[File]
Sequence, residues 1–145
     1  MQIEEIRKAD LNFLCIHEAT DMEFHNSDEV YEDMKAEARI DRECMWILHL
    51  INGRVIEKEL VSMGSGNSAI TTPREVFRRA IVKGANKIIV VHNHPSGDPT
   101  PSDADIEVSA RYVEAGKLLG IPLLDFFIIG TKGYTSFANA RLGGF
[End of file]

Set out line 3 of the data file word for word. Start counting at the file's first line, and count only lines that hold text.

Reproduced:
    51  INGRVIEKEL VSMGSGNSAI TTPREVFRRA IVKGANKIIV VHNHPSGDPT